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/PLAYING DETROIT: 800beloved


Introducing a new column that takes us inside the Detroit music scene – AF


Cover photo for Some Kind of Distortion courtesy of Christina Anderson

A lot can happen in five years. Sean Lynch of Milford-based dream pop, post-punk trio, 800beloved, agrees with me. Five years ago I met Lynch, per my request as both a fan and as a writer, to chat about Everything Purple, the band’s dreamy follow-up to 2009’s Jesus and Mary Chain-esque debut Bouquet just before dissolving their relationship with their label, which lead to a three year hiatus. At the time, Lynch was still posing as a funeral director with a focus on restorative cosmetology, a profession that occupied over a decade of his life, and one that infiltrated 800beloved’s subject matter and undoubtedly crafted their signature staticky-concrete-macabre aesthetic.

Fast forward to today. I find myself at Bronx Bar in Detroit sitting across from Lynch, considered now to be one of my best friends and most faithful musical allies, to discuss a different type of undertaking, the release of 800beloved’s long awaited third record, Some Kind of Distortion. “We Beyonce’d that shit,” Lynch says in reference to the unannounced, overnight drop of the album on August 3rd. “I guess this is us going back to true left of the dial punk rock D.I.Y. We didn’t promote this record even though it was finished a year ago. It just felt like the season perfectly lined up and there was a storm that night.” This speaks true to Lynch’s creative sensibility, to trust intuition as means of honing in on emotive moments rather than popular opportunity, which explains 800’s quiet notoriety. “800beloved has become very niche-y, which is good,” Lynch explains. “We are truly comfortable narrowing the scope and not being a solicitation or a buzz band.”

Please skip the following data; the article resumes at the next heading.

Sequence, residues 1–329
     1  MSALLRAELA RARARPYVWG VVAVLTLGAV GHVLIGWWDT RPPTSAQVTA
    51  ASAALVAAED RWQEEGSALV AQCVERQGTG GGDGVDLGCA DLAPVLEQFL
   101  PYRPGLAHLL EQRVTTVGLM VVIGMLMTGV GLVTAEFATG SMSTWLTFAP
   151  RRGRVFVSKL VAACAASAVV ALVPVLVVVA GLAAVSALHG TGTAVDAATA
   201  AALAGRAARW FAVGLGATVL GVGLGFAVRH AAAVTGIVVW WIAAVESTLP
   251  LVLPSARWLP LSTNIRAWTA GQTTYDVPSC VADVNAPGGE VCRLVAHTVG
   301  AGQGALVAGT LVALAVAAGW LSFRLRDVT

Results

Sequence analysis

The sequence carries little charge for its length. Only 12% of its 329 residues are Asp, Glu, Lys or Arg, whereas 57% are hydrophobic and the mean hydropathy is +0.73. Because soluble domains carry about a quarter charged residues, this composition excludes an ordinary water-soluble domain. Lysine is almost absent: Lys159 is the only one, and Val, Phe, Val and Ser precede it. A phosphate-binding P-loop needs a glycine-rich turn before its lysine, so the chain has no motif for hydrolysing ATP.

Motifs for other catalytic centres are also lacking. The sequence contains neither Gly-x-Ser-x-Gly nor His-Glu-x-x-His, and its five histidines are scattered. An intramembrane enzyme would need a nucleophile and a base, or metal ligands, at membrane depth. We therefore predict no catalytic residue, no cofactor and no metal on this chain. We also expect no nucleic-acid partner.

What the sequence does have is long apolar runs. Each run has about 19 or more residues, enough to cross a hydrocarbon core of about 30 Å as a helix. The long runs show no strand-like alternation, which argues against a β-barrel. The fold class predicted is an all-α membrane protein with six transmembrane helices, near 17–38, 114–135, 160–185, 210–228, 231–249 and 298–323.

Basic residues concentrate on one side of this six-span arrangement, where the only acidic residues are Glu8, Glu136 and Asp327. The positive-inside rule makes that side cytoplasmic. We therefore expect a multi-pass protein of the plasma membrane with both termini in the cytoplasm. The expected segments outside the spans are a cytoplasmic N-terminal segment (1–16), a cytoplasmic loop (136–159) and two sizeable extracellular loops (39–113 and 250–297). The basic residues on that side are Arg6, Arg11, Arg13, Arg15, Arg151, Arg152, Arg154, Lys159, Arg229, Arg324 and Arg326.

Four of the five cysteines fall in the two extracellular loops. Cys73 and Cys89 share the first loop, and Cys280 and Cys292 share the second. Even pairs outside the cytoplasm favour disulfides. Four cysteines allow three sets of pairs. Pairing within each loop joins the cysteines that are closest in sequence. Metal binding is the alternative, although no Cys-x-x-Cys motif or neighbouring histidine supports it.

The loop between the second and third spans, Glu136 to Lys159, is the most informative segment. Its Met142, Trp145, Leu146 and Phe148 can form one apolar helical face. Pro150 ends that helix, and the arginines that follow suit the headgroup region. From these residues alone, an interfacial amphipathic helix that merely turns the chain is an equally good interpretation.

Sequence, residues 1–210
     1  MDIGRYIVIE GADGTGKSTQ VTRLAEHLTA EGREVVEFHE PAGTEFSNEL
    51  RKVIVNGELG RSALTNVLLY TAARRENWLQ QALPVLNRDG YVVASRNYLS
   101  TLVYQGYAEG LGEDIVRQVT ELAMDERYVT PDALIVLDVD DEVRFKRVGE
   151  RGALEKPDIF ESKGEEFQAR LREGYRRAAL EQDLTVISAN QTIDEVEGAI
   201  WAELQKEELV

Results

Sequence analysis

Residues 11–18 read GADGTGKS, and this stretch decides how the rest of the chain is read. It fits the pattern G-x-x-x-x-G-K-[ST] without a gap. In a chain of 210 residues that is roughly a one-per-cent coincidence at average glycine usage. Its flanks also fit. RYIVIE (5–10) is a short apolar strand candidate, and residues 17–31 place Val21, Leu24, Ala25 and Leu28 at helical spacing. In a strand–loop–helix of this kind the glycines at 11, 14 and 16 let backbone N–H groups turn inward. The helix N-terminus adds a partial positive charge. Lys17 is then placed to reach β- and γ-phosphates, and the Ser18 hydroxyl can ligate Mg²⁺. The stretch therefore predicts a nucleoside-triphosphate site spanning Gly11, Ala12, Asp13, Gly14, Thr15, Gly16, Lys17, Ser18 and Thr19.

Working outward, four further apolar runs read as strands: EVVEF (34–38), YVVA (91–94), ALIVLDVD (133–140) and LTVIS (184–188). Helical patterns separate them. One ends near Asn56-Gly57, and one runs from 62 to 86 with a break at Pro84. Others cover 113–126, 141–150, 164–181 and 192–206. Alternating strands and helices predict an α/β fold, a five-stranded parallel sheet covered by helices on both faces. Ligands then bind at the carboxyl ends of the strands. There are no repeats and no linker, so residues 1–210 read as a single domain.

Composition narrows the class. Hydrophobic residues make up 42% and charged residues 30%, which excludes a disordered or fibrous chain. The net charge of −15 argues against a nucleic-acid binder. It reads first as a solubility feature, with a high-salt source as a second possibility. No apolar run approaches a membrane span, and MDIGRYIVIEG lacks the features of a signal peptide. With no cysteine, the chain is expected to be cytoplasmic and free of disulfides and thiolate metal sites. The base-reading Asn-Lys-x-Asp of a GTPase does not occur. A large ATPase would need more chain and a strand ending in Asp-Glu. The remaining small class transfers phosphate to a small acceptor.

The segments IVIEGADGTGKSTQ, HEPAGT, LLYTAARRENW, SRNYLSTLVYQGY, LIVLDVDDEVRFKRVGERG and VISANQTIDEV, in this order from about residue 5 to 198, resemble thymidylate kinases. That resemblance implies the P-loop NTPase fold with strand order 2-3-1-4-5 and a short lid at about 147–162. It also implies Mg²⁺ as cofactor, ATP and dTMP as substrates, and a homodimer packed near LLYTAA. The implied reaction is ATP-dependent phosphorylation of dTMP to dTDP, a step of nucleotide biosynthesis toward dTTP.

For a three piece (currently composed of Anastasiya Metesheva on bass, Ben Collins on drums, and Lynch on vocals, guitar and production, respectively) 800beloved’s sound achieves a shimmering fullness that is as methodical as it is nostalgic. Some Kind of Distortion abandons traditional verse, chorus, verse, and is almost entirely devoid of hooks, a distortion in its own right. Distortion is a record with a pulse of throbbing warped sounds, and although difficult to identify, it still manages convulse with familiarity – from the warbled, zombie surf rock tones in “Die Slow,” to the droning, buzzy vocals on “Cicadas” that lends itself to sounding like an aural illusion to the soft and swelling opening instrumental track “0930131103.” “This is our attempt at psychedelic dream pop. We are playing back to our roots while exploring things we’ve never introduced to our audience through our particular filter,” says Lynch. “It’s a record that is sort of introverted and juvenile. It’s almost concept-less, in a way.”